|12 green looking great on December 14th|
After a down right frigid November, December has allowed the staff and I to continue work outside on the golf course. This past weekend welcomed temperatures well into the 50’s, which thawed any frozen soil and allowed a few rounds of golf to be enjoyed on Elcona’s golf course. It gave me a chance to also inspect the turf for any disease development, which I can happily say I did not see any major signs of. I am overall pleased with the condition of the course heading into a sustained winter weather pattern, whenever that may occur.
Many of you may have noticed the tree work that has been accomplished within the last few weeks, and may have questions on the reasons why certain trees were removed. Elcona’s tree removal strategy revolves on continuously improving playing conditions and turf health on the golf course, while maintaining the integrity and playability of each hole. Trees are a tremendous asset to Elcona’s golf course, as long as they are the right tree in the right location.
Some trees can be targeted for removal discussion based on their proximity to fairways or greens, their impact on the surrounding turf health (too much shade and nutrient competition), while others are targeted because they are growing into other, more desirable trees. Others are removed for their own failing health or the large amounts of debris and litter they produce. I have identified a couple areas, the reasoning behind their removal, and some before and after pictures.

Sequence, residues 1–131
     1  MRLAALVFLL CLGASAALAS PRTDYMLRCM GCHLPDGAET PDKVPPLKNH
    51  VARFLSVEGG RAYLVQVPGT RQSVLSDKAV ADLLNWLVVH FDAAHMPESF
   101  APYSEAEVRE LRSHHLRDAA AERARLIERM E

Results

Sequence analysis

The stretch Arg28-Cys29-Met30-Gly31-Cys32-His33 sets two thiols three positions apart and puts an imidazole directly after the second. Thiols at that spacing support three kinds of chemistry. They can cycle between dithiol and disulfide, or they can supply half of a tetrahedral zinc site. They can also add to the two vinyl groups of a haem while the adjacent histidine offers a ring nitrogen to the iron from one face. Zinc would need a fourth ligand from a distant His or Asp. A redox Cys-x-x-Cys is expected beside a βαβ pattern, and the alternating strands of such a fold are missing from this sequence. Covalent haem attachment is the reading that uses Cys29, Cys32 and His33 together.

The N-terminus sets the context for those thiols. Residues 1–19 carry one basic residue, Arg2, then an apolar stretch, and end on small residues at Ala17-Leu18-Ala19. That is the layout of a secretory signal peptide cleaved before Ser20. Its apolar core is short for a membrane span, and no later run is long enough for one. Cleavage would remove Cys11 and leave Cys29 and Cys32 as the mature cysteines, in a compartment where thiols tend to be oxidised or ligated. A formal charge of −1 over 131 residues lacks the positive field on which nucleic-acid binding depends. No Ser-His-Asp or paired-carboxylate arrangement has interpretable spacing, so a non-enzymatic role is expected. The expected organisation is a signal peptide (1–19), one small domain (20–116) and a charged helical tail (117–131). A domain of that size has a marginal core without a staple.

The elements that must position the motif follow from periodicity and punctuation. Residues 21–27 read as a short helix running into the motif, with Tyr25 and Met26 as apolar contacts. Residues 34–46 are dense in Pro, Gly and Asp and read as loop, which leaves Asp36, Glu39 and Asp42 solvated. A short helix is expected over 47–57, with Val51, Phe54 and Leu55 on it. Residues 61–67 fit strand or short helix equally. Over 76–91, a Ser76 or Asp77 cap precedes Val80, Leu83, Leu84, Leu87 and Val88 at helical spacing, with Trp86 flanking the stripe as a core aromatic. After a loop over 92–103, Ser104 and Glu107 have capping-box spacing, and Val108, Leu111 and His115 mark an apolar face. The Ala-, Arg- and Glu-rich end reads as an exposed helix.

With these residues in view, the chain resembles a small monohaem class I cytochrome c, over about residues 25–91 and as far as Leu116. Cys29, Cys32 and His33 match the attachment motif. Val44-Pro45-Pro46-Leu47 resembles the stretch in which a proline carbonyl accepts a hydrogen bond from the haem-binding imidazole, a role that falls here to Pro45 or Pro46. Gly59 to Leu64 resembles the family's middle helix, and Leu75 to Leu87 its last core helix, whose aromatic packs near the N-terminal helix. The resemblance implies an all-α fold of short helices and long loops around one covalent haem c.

|The view from 8 tee, October 2014|
|8 tee, 12/15/14|
We removed two Silver Maples and two Locust trees between Holes 8 and 11. These trees have noticeably declined over the last few years, and the near annual basis of trimming these trees for playability reasons indicated they were overgrown for this area. The turf underneath this area had to compete with these large trees for moisture, nutrients, and sunlight and at times throughout the growing season struggled.
During his visit in Mid-October, Arthur Hills (our current golf course architect) emphasized the need to open the view on these golf holes, and remove these 4 trees. The Silver Maples produced a tremendous amount of leaf and seed litter in the spring as well, and their removal kept consistent with previous tree removal plans ridding the course of these messy trees.
|The view from 11 tee, 12/15/14|
|The left side of 9 fairway, October 2014|
The two silver maples and one large red maple has also been removed on the left side of #9, along the out of bounds line bordering the Practice Facility. As the top picture shows, the 5 Burr and Scarlet Oaks that were planted years ago to replace these trees have reached a point in their maturity that the larger Silver Maples have begun to stunt their future growth. These Maple trees also produced a tremendous amount of litter in the fairway and out competed the surrounding turf for water and nutrients. The farthest Silver Maple from the tee boxes was hit by lightning twice in the last 5 years, severely jeopardizing its long term health.
|9 fairway, 12/15/14|
Although this removal brings the out of bounds more significantly into play, for the long term health of this area and the more desirable species of tree it was necessary to remove these three trees.
We have also been removing several ash trees in the woods near the Halfway House that have succumbed to Emerald Ash Borer. The large Ash behind 1 green has been removed as well. I will keep everyone up to date on our winter progress periodically. Have a safe, happy Holiday Season and a Happy New Year!